My name is Leona, I was born in the 80's, and it shows. Thank you so much for having me here for my third stop on this blog tour, following It's Raining Men http://rainingmenamen.blogspot.com/. My pants are already off and I'm ready to party.
Piper is The Pied Piper of Hamelin set on a space station, long after the advent of space age technology. In addition to the station, there are ships, faster than light travel, communications based in quantum entanglement, terraforming, wicked evolutionary adaptations, and resonance. I'll leave the actual science for a later post, but I wanted to give a preview of the fiction I'm playing around with. Some of it is a respectful hat tip to other science fiction, and some of it is an extrapolation of my own fiendish design.
What was more important to me than the actual science was the creation of the atmosphere. The Ham Lin, the station on which Piper takes place, is a location of extremes. The narrative takes us from the clean and sterile white lines of plebian living quarters, to the garden utopia of the Bourgeois, to damp, hot, and rusty tunnels. All of these locations had their inspirations: the gritty Nostromo, the clean halls of the Enterprise, the glass-encapsulated greenhouses of pretty much any colony or generation ship, the steamy streets in Bladerunner ... Science fiction tends to be a kind of social commentary, a glimpse at a possible distant future. I think the atmosphere is what triggers a response from the audience, whether it's "Yes, I want to live there," or "No, we must do all we can to avoid that future." My goal was to illicit such a response as the characters moved through their universe.
Set against that back drop are the pipers and their entourages, most of them brightly painted, tightly sheathed in latex, and covered in glitter. They play instruments, dance, and occasionally sing. They're my space age Holograms, with concerts, fan clubs, and souvenirs. There are scenes in Piper where I honestly hunted down images of Jem and Jareth from Labyrinth as a reference for my piper, Atmosphere. He has the big hair, sweet kicks, and ability to woo youth to his side.
- - Excerpt - -
At the very back, seated in a wide, overstuffed chair on a low dais, Master Piper Atmosphereheld his court.
"He is so sexy," Suri stooped to remark. She yelled the words, probably half-deaf from the concert, and the volume made Jake wince. Then she smirked and squeezed his shoulder. "Sorry, you probably don't want to hear that."
Why not? Jake wondered. I know exactly how sexy he is.
After a quick costume change, Atmosphere shone in the dim light, golden from his hair to his boot heels. One long leg hooked over a chair arm and the other propped against the floor, making him look especially hedonistic. A slender woman sat next to him, and they were both smiling for a man scanning them for holos. Starlight lurked nearby in dark purple and bright green, doing an excellent job of appearing casual and dangerous at the same time.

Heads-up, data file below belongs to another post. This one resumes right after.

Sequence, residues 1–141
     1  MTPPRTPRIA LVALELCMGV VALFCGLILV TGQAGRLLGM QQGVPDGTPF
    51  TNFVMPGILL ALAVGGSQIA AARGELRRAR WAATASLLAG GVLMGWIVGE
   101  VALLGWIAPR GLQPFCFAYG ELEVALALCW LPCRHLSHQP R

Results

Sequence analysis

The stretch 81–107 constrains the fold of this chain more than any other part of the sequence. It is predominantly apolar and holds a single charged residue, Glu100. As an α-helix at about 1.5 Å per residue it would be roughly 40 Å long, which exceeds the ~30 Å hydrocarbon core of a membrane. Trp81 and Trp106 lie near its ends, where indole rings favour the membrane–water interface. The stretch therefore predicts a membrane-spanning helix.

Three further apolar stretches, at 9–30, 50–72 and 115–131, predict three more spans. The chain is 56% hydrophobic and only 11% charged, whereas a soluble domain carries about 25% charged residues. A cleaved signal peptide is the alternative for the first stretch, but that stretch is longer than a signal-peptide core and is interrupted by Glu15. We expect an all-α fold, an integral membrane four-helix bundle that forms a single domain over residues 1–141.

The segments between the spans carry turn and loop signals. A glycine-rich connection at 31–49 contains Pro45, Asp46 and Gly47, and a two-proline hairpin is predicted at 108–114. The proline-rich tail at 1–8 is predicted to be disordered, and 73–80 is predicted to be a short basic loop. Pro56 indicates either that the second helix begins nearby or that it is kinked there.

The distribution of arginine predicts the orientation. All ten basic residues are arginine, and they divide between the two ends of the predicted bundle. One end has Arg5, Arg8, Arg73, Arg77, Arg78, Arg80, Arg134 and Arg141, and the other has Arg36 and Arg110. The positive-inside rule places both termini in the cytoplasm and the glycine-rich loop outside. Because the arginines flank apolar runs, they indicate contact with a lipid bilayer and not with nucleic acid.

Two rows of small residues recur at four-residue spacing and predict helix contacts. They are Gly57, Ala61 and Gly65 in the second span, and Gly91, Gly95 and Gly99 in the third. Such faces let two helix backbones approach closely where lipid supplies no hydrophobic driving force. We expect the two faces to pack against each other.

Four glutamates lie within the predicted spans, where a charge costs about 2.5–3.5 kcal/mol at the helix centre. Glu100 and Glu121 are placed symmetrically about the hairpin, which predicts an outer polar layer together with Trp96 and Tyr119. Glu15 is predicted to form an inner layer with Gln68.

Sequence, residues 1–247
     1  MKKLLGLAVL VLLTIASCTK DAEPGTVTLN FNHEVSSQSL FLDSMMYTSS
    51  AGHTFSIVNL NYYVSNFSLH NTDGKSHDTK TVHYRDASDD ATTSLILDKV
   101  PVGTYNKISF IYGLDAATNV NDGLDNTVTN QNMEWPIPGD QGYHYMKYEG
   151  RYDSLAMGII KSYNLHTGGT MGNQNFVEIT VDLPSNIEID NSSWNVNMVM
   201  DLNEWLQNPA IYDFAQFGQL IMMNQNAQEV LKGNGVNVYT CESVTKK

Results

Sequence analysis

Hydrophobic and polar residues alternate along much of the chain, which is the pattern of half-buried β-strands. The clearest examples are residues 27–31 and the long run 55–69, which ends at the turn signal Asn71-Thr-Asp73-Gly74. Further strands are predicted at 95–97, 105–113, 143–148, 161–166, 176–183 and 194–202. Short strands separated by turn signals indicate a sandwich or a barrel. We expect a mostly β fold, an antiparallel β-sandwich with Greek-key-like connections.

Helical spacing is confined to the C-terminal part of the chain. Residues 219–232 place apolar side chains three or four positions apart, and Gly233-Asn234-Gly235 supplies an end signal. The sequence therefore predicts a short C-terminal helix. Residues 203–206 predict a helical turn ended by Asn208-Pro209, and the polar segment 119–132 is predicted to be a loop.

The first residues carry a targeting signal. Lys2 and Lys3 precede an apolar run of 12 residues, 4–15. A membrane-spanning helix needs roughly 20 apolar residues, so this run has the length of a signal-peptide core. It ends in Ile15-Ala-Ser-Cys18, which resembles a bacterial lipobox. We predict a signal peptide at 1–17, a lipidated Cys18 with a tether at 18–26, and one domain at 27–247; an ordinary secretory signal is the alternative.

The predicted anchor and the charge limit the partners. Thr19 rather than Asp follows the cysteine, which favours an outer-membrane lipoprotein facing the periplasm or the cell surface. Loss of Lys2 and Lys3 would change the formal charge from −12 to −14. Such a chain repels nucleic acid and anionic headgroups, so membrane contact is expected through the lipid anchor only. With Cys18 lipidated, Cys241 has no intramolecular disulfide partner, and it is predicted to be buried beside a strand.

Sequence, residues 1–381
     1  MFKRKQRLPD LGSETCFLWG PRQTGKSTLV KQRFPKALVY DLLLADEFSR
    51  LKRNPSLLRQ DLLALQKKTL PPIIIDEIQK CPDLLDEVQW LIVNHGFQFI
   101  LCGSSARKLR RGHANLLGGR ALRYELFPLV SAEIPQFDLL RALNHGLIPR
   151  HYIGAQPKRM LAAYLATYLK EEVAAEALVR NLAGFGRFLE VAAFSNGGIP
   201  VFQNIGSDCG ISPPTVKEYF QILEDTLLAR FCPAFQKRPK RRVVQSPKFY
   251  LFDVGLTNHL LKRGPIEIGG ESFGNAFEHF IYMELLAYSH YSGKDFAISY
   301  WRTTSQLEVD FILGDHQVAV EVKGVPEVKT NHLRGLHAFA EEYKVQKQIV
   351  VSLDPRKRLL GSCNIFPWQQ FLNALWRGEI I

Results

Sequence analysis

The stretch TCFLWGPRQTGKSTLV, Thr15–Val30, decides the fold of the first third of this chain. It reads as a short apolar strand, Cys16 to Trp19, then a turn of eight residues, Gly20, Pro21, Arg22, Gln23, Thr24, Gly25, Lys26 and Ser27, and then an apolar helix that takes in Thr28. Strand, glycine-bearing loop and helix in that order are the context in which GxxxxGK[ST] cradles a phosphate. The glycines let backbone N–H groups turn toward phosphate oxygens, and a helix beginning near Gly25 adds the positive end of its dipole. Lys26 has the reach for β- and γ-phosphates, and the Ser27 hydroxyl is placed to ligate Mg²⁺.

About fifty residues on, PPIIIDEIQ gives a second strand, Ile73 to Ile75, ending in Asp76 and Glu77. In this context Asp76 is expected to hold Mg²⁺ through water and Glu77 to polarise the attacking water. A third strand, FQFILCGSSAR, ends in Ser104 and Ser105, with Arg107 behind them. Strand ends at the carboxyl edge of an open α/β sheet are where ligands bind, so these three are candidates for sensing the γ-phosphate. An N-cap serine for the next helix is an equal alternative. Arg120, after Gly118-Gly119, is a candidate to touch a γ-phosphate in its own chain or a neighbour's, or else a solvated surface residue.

Jake balked at the first set of chairs. It wasn't enough to watch Atmosphere make new fans. That wasn't what he wanted. Not anymore. "There," he said, looking up at Suri. "I got you in."
As a dark reflection to the pipers, there are the rats. To design them, I mated terrestrial rats, the aliens from the Aliens series, and millipedes. They are a most heinous and pernicious enemy, well-suited to providing a motive for the pipers and the sociopolitical forces at work around them.
When it comes to Piper's love story, it really is a fairy tale. The young scientist Jacob Tucker meets his idol, Atmosphere. They suffer from that most debilitating of illnesses, Love At First Sight. Unfortunately for them both, there are a variety of barriers in the way, not the least of which are Jacob's disbelief in Atmosphere's motives and Atmosphere's responsibility to his League. With some rock star glamour, a smattering of science, and some mutant rat action, they overcome those barriers and, eventually, live happily ever after. Or at least as long as they're in the final scene. I make no promises for what happens after.
The last influence is the music of Johann Sebastian Bach, in particular his sonatas for flute and viola. This is somewhat far removed from movies and television of the 1970's and 80's, but just as important. I tried to get across the smooth, playful tones of a confident flute, the gentle scales, and the trilling notes quickly and skillfully played. Because The Pied Piper is a German fairytale, I think it quite fitting to listen to a German composer, no? Perhaps the feel of his music came through, by diffusion if nothing else.
My goal was to create a universe of flashing lights, colour, gritty science-fiction, and beautiful music. I can't wait to find out if these came across in the writing.
I'll be giving away a copy of Piper, either electronic or print format, at the end of this blog tour. Every comment on this and the other four posts will be another entry into the draw. I will write them onto little pieces of paper and put them into a legitimate top hat, pull one out on September 15, and email the winner.